We are then shown that Hamlet's insanity frightens Ophelia away. In Act II, scene 1, Ophelia reports to her father about the recent encounter she has had with Hamlet. She says he looked as though he had been "loosed out of hell to speak of horrors" and that she "truly did fear it”. We are later shown demonstrations of her feelings In Act III, scene 1 as she returns remembrances of his, for "their perfume [has been] lost". This could mean that the importance of his letters to her have perished and that she longer has any desire to hold onto them.
The dynamic verb of “watch” shows to the reader that Manon feels a little bit of pain towards the slaves and that she feels that they are only being used for torture. This tells us that Manon hates the sight of violence and torture, making us believe that she is a woman of peace. However, because of her restricted viewpoint this may make us to believe that she is exaggerating at bit because it is only from her point of view but also because she will want to make her husband look and sound bad, possibly because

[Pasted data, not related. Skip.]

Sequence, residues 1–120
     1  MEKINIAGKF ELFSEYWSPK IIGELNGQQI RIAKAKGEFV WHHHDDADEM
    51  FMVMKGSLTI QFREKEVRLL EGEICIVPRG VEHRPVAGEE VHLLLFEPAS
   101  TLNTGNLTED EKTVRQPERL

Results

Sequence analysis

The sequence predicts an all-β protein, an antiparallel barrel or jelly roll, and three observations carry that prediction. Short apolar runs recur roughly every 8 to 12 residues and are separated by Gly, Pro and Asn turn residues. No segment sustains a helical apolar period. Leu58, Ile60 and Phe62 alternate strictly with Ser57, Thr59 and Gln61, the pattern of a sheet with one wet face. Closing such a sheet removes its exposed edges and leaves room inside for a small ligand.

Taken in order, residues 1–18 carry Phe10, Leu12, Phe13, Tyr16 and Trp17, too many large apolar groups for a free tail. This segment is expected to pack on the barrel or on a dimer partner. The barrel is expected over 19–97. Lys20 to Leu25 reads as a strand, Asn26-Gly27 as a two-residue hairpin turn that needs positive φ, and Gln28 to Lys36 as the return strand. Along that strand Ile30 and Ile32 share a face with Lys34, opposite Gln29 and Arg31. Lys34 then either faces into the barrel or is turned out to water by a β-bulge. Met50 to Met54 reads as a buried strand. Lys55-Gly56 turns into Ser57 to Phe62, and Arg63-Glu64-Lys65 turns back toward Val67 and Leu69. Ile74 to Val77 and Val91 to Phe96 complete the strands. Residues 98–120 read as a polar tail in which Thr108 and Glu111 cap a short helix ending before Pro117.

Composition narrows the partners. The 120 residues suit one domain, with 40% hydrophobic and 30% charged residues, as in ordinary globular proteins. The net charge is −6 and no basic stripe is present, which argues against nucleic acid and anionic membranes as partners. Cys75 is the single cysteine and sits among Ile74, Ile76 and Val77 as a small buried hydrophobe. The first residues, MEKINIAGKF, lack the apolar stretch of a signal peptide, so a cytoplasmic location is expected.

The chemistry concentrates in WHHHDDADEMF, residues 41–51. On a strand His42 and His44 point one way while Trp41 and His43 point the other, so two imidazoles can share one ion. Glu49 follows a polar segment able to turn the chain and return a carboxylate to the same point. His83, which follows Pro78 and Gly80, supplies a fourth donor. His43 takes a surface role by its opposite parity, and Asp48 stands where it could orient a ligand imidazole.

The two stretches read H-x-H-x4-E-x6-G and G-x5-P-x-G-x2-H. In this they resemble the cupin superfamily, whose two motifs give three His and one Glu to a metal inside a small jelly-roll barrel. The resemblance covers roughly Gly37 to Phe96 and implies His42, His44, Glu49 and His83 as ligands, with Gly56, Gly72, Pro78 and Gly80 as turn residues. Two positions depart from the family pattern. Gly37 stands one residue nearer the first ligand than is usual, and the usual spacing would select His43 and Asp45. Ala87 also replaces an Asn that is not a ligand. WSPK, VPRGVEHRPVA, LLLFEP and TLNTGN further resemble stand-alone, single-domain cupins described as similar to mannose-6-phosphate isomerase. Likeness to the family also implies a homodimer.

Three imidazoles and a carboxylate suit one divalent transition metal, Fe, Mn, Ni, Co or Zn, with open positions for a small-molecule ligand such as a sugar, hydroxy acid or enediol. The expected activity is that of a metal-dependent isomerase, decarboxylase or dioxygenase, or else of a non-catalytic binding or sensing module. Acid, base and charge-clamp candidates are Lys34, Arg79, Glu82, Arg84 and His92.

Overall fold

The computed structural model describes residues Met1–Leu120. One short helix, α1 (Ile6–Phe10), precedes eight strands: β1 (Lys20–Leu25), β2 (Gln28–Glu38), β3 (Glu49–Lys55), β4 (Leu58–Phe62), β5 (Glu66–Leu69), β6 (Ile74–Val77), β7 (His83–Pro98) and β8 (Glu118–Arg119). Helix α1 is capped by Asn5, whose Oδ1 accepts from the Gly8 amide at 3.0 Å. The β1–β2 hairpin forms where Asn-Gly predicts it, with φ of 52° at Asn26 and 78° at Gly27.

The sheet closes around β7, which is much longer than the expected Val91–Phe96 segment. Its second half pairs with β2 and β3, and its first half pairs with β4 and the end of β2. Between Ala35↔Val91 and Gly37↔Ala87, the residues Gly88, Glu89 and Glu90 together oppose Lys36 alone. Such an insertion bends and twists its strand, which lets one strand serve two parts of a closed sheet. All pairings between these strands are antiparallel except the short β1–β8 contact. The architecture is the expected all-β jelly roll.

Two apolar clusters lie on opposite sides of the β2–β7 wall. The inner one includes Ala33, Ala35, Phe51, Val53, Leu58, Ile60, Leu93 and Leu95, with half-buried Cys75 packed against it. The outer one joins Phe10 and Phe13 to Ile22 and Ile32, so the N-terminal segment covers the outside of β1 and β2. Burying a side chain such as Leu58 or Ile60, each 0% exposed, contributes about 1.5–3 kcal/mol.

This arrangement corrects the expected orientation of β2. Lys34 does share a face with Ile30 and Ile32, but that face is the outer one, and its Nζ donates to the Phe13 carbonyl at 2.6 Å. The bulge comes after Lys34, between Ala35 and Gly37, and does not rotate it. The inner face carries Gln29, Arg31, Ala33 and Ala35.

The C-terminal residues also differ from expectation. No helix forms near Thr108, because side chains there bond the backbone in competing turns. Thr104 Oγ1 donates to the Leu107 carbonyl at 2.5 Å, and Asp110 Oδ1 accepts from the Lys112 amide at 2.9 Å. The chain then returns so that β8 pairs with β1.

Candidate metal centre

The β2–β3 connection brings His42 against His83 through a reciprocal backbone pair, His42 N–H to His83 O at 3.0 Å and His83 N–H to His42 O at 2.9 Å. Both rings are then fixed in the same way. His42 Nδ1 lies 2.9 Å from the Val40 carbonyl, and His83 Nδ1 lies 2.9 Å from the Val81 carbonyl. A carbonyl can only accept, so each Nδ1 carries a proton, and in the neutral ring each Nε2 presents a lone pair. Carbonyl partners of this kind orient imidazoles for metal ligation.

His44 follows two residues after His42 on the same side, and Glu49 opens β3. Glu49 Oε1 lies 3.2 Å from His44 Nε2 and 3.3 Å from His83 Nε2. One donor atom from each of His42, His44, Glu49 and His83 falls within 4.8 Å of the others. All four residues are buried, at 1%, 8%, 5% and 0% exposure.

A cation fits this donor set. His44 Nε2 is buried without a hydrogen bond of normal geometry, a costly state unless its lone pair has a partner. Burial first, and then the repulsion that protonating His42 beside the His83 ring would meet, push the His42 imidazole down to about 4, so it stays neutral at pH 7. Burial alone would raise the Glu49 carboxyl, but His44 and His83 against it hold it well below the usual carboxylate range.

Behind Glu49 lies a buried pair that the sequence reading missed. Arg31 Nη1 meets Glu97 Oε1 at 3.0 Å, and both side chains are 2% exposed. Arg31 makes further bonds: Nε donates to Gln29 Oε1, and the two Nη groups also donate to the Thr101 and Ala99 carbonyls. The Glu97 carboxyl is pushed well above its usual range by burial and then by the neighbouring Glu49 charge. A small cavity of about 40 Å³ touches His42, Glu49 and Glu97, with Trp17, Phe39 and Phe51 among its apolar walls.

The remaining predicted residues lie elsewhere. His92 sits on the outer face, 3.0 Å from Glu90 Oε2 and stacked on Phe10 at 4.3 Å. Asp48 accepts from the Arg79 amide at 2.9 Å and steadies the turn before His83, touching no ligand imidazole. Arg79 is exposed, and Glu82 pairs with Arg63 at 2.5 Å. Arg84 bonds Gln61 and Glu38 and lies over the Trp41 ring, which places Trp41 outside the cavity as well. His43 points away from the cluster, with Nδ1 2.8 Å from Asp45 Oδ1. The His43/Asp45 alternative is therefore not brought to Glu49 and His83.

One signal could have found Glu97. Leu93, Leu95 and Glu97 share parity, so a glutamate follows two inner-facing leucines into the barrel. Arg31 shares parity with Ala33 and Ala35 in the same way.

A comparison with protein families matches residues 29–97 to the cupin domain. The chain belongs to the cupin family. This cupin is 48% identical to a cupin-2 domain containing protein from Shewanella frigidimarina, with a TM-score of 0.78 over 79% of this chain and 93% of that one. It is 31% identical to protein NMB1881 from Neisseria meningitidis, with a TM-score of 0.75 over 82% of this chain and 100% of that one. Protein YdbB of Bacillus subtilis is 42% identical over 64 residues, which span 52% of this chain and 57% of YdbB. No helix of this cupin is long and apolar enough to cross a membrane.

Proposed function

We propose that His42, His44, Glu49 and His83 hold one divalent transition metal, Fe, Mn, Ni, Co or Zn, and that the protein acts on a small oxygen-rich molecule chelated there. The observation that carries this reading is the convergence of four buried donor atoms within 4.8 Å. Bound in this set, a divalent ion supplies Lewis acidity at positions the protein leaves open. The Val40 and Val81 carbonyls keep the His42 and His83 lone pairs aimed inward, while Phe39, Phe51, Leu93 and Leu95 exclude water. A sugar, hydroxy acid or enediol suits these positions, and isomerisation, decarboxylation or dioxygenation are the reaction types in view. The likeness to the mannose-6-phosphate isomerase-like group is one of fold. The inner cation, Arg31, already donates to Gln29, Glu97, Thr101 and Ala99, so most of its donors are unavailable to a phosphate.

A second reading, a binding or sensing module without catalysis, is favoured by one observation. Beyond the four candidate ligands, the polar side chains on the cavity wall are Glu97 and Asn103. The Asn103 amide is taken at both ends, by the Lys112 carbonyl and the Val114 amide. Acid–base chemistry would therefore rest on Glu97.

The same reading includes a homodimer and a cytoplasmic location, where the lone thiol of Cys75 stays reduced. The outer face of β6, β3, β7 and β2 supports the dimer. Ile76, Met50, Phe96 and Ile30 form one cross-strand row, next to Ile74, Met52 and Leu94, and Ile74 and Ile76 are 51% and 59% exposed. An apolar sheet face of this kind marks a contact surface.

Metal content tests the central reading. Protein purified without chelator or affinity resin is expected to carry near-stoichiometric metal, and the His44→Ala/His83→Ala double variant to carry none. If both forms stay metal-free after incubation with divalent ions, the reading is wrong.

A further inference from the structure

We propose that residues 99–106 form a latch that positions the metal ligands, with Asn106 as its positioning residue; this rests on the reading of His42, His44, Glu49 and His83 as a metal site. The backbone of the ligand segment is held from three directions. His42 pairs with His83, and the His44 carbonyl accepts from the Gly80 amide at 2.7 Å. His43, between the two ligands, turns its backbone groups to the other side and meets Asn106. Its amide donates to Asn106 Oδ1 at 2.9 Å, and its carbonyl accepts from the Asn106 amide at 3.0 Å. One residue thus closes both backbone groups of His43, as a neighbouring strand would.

Consider how Shakespeare presents Hamlet’s sense of betrayal by female characters which contributes to his alienation from the world Not only does the heavy burden of avenging his father take its toll on Hamlet, but also his alienation due to the disloyalty of the female characters Gertrude and Ophelia. This feeling of alienation adds to his procrastination. They both undoubtedly betray him and this could add to the delay in him avenging his father. This adds to the sense of tragedy in Hamlets’ tale as he has to undergo this quest alone. Hamlet is a play where the characters don’t experience catharsis; Hamlet has a tragic flaw, he's indecisive “To be or not to be”, but he dies before he can overcome it.